Crossrail: Nearly 2,000 Involved In Train Test Runs As Opening Nears

Crossrail, the £18.8bn project to build a fast east-west link through London, is running trials involving hundreds of volunteers in train evacuations.

The latest exercise took place on Sunday between Woolwich and Canary Wharf, involving Transport for London (TfL) and Network Rail employees, their families and some media – including Tom Edwards, transport correspondent for BBC London.

He reports: “Over the Tannoy, the driver soon announces that we have ‘broken down’.

“Despite this, everyone is in good spirits. After much coming and going from a British Transport Police officer and the driver, a rescue train is brought in and we are all marched on to that train, which takes us to Canary Wharf.”

A spokesperson for Crossrail said: “More than 150 trial operations scenarios are being carried out to ensure the readiness of the railway for passenger service.

“These include exercises to make sure that all systems and procedures work effectively and staff can respond to any incidents, including customers being unwell, signal failures and train evacuations.”

Volunteers include people with disabilities and mobility impairments. Wheelchair users, those with hidden disabilities and guide dog users are being asked for feedback after the trials.

Nearly 2,000 people were involved in Sunday’s trial, including the rail presenter Tim Dunn.

He tweeted: “Britain might’ve waited a long time for it, but WOW this is urban transport done right. It will have been worth the wait.”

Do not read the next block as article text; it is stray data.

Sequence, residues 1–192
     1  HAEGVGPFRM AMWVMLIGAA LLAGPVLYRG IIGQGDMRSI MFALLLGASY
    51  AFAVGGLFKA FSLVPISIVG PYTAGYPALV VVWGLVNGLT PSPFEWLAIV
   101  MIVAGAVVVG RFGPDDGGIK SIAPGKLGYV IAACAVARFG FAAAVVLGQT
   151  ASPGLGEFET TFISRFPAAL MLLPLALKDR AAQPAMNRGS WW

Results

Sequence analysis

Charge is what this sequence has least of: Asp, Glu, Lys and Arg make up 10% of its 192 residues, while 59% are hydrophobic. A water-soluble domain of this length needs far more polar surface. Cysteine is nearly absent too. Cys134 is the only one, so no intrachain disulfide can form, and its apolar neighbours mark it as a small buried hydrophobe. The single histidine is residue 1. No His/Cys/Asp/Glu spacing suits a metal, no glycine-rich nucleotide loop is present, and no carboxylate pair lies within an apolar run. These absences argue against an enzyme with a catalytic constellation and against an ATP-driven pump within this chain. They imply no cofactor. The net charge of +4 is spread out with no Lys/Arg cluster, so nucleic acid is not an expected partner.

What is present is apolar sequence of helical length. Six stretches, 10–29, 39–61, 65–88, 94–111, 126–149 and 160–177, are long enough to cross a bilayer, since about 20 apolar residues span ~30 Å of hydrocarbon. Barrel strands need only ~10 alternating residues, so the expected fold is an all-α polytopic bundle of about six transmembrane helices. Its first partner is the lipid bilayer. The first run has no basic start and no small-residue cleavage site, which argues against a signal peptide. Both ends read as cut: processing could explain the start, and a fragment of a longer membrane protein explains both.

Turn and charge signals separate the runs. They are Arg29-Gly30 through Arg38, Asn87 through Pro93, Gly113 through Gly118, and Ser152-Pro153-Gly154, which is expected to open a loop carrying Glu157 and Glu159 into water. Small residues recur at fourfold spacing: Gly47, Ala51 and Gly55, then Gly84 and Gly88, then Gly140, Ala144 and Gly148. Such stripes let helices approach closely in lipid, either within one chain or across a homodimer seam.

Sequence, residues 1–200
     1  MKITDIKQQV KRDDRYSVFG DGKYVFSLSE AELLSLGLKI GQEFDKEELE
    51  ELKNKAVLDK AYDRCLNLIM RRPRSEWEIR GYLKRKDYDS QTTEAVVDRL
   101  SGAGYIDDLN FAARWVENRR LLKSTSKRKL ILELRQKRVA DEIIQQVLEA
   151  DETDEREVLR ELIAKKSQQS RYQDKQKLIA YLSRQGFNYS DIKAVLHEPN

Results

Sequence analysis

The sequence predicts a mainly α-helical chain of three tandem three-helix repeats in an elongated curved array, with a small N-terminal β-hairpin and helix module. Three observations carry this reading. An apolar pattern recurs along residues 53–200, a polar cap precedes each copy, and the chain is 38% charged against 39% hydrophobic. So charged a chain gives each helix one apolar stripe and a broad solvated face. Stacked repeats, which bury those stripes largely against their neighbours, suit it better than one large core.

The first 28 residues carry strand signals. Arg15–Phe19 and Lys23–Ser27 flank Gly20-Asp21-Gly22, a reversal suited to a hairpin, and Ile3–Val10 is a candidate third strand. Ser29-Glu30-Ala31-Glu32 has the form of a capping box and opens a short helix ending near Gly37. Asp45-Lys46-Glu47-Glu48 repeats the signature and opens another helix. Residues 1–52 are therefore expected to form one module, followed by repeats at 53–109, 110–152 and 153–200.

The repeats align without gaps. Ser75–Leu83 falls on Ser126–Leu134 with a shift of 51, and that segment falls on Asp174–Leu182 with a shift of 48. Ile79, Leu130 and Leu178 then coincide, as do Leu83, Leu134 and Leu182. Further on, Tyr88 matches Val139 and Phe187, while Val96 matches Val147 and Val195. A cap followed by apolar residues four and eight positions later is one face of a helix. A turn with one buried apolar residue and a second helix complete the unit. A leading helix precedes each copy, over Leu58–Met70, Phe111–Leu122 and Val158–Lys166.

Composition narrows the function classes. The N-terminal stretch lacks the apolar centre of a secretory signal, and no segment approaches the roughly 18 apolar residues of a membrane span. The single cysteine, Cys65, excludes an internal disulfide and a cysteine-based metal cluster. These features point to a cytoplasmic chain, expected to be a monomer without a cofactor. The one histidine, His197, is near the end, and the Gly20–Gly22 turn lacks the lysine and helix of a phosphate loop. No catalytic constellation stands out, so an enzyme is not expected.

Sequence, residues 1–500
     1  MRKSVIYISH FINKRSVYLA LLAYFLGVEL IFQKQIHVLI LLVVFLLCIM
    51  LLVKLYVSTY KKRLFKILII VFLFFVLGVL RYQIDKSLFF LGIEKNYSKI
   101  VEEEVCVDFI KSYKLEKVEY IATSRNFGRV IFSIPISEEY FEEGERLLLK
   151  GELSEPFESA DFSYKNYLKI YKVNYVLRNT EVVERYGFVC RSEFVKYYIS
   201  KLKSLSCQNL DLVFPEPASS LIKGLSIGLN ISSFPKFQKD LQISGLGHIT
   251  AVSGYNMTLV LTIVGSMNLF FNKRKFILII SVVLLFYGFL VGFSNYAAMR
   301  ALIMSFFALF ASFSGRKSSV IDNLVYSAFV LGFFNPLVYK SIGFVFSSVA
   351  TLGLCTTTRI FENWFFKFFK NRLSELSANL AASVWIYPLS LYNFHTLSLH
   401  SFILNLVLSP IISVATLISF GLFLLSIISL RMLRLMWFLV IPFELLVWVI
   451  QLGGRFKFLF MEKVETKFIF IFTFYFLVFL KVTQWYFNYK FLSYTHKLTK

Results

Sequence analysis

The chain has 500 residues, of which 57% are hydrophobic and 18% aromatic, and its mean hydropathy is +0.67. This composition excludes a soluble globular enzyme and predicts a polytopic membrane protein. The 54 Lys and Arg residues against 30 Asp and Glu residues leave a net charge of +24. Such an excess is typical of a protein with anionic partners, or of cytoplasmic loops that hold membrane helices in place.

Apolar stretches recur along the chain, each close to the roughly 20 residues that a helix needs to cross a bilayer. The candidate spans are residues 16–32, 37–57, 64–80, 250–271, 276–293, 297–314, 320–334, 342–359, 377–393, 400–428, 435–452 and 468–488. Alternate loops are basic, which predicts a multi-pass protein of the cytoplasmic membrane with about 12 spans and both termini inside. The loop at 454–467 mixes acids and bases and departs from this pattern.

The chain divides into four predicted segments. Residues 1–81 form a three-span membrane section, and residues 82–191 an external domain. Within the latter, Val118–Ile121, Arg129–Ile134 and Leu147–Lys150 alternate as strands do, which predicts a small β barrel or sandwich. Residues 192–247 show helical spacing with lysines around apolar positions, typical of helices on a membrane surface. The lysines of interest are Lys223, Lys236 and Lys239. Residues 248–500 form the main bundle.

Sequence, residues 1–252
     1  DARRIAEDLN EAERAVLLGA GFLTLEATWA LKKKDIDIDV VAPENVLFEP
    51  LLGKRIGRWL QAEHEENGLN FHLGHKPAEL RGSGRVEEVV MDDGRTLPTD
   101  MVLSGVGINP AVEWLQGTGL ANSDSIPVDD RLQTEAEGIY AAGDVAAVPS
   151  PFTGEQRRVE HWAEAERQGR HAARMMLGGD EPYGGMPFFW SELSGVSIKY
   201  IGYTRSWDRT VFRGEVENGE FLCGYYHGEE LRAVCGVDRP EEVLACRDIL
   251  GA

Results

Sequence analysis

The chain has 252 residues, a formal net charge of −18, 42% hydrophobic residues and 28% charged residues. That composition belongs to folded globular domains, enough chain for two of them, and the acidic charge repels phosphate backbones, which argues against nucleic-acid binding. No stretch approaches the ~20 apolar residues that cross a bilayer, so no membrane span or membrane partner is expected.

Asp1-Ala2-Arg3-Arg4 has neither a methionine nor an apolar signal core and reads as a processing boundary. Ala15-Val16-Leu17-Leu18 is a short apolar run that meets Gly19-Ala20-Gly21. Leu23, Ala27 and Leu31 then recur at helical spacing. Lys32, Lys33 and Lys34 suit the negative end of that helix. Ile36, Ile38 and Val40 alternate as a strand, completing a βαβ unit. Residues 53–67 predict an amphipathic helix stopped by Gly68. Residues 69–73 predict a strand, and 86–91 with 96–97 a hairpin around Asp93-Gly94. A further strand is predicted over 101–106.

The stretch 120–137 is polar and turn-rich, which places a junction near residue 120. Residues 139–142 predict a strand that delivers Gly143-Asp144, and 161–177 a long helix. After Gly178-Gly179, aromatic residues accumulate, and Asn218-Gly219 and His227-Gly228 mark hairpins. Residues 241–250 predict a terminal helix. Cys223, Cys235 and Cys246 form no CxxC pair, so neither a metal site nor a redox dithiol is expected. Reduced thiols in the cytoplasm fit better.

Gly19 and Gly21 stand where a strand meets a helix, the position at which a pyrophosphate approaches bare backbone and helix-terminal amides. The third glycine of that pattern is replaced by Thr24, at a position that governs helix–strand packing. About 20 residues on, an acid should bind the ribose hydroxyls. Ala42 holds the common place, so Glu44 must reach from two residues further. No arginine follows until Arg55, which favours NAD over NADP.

Almost at once criticisms about Crossrail began to arrive, leading Mr Dunn to tweet in response: “May I ask a favour this Sunday afternoon? Please stop using replies to my tweets to get your anger about govt investment off yr chest.

“I don’t make the decisions yet I get all your fury… and frankly, it is horrible. Please, just let some of us enjoy a nice day.”

Crossrail was designed to link Reading and Heathrow airport, west of the capital, with Shenfield in Essex and Abbey Wood in southeast London.

Trains were due to start running through the heart of London between Paddington in the west and Whitechapel in the east in 2018.

With only months to go before the launch, the project team admitted it was way behind schedule.

Since then costs have mushroomed to £4bn above the original £14.8bn budget – a rise of 27 per cent. Testing the system is currently costing around £2m per day.

The delay – and resulting absence of revenue – has added to the damage to TfL’s finances, The organisation will not say when the line will open, except to pledge that it will be at some time in the first half of 2020.

Initially the only through-London service will be between Abbey Wood in the southeast of the capital and Paddington station on the western side of the city centre.

Travellers hoping to travel from Reading or Heathrow airport to Shenfield will need to change trains twice: at Paddington and at Liverpool Street.

The western half of the project will be connected through to Abbey Wood in “autumn 2022” with the final timetable – involving trains every five minutes in both directions – by May 2023.

When complete, the railway will include 26 miles of new tunnels and a total of 41 stations.

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